Memory Keepers of Christ
Sr. Ruth Droege, OP, PhD
The context for the 2018 Academy Award-winning Best Animated Feature Film, “Coco”, and for Best Original Song, “Remember Me”, was the Dia de los Muertos, (Day of the Dead), celebrated October 31 in Mexico and other countries with large Hispanic populations. The festive day keeps those who have died in the memory of the living as the song “Remember Me” so poignantly suggests.
Though I have to say goodbye
Don’t let it make you cry
For ever if I’m far away
I hold you in my heart
I sing a secret song to you
Each night we are apart.
“Coco”, after whom the film is named, is 12-year-old Miguel Rivera’s great-grandmother. She was severely traumatized after her father, Miguel’s great-great-grandfather, left his family, presumably to pursue a self-interested career in music.
Coco’s father is now in the Land of the Dead, whose inhabitants still live in the memory of those who knew them. He is desperate for Coco to remember him – or else he will be truly dead – and for the family to learn the truth about his departure.
Miguel, whose musical talent is denied by his family, runs away on the Dia de los Muertos. In a fantasy plot, he meets his great-great-grandfather in the Land of the Dead. Together they manage for Coco to remember him and for Miguel’s family to honor his musical talent.
While I was watching the beauty and the artistry of this film unfold, the words that the priest says at the consecration of the bread and wine during the Mass came back to me: “This is my Body, this is my Blood, do this in memory of me.”
Later I began to reflect on what it means to remember a loved one. Is it only the past that is recalled, a past that is colored by the specific time in which the event took place? Or can memories be worked through, processed, and integrated into the present with broader insight and understanding?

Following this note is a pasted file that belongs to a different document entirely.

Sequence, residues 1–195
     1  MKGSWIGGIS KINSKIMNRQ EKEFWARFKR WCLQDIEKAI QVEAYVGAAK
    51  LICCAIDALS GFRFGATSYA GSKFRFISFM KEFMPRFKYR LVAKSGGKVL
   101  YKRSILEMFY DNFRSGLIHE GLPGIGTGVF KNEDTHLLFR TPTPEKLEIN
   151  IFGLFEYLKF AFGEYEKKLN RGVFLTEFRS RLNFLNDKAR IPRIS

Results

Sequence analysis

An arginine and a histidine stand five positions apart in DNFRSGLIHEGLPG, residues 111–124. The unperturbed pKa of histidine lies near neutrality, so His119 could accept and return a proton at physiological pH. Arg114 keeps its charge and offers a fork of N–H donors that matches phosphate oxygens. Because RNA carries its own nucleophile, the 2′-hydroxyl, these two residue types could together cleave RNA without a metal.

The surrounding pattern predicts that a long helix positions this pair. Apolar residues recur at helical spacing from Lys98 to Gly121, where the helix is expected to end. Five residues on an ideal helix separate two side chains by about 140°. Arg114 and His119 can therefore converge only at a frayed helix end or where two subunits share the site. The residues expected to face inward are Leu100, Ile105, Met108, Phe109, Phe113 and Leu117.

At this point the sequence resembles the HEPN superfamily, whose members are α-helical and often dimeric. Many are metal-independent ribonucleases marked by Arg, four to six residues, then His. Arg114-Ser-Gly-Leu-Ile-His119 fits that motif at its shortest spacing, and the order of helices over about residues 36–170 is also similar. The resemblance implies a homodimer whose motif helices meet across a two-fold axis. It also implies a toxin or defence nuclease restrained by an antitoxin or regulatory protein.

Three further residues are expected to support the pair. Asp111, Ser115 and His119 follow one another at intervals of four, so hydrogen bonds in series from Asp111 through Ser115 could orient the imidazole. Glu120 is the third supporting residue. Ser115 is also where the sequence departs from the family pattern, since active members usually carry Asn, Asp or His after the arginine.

It seems to me that Coco and the family gain a new perspective of the past. Her father did not leave because of egotistical self-interest. He intended to return. Miguel’s great-great-grandfather’s musical DNA is recognized as living on in his great-great-grandson, bringing joy and life to all who hear his music.
We Christians are memory keepers of Christ’s incarnation, passion, death, and resurrection.
In the order of the Mass, after the words of consecration, we respond: “We proclaim your death, O Lord, and profess your resurrection until you come again”. The tradition of the Church, over time, has helped us to understand how we do this – that is, proclaim, make known to others, the Good News.
Without discounting tradition, is there a way within the context of evolution and the “new” cosmology to bring a new perspective to this most sacred and central mystery of our faith?
Pierre Teilhard de Chardin, a French Jesuit and priest, a geologist and paleontologist, and mystic – thought there was. He wrote a prayer in which he asks God to grant “that when I draw near to the altar to communicate, I may henceforth discern the infinite perspectives hidden beneath the smallness and nearness of the Host in which you are concealed”.
Teilhard wrote much about our cosmic relation to Christ. Following the words of John, “the Word became flesh and dwelt among us”, he understood that, by reason of the Incarnation, Christ has a cosmic body: that is, a body made up of the evolving “stuff” of the universe, just as we humans do.
In the Divine Milieu, Teilhard takes Paul’s words quite literally when Paul says, ”You then are the body of Christ, every one of you is a member of it.”
And he takes Paul literally that “all creation groans and is in agony until now.”Teilhard understands this to mean that the cosmic body of Christ, of which we are members, is in the process of birth, of coming to be more. If we as members are open to accepting Christ’s love and to love the universal Christ who is present in all created reality, by what we do in this life and by what we undergo , we bring the body of Christ to fulfillment in space/time and in hope for eternity.
Teilhard sums all this up when he writes: “Owing to the interrelation between matter, soul, and Christ, we bring part of the being he desires back to God.”
As Miguel’s great-great- grandfather’s DNA lives on in Miguel, so Christ’s DNA lives on in us. We sing Christ’s song of love and forgiveness to the world as an invitation not only to listen but to join in “until he comes again.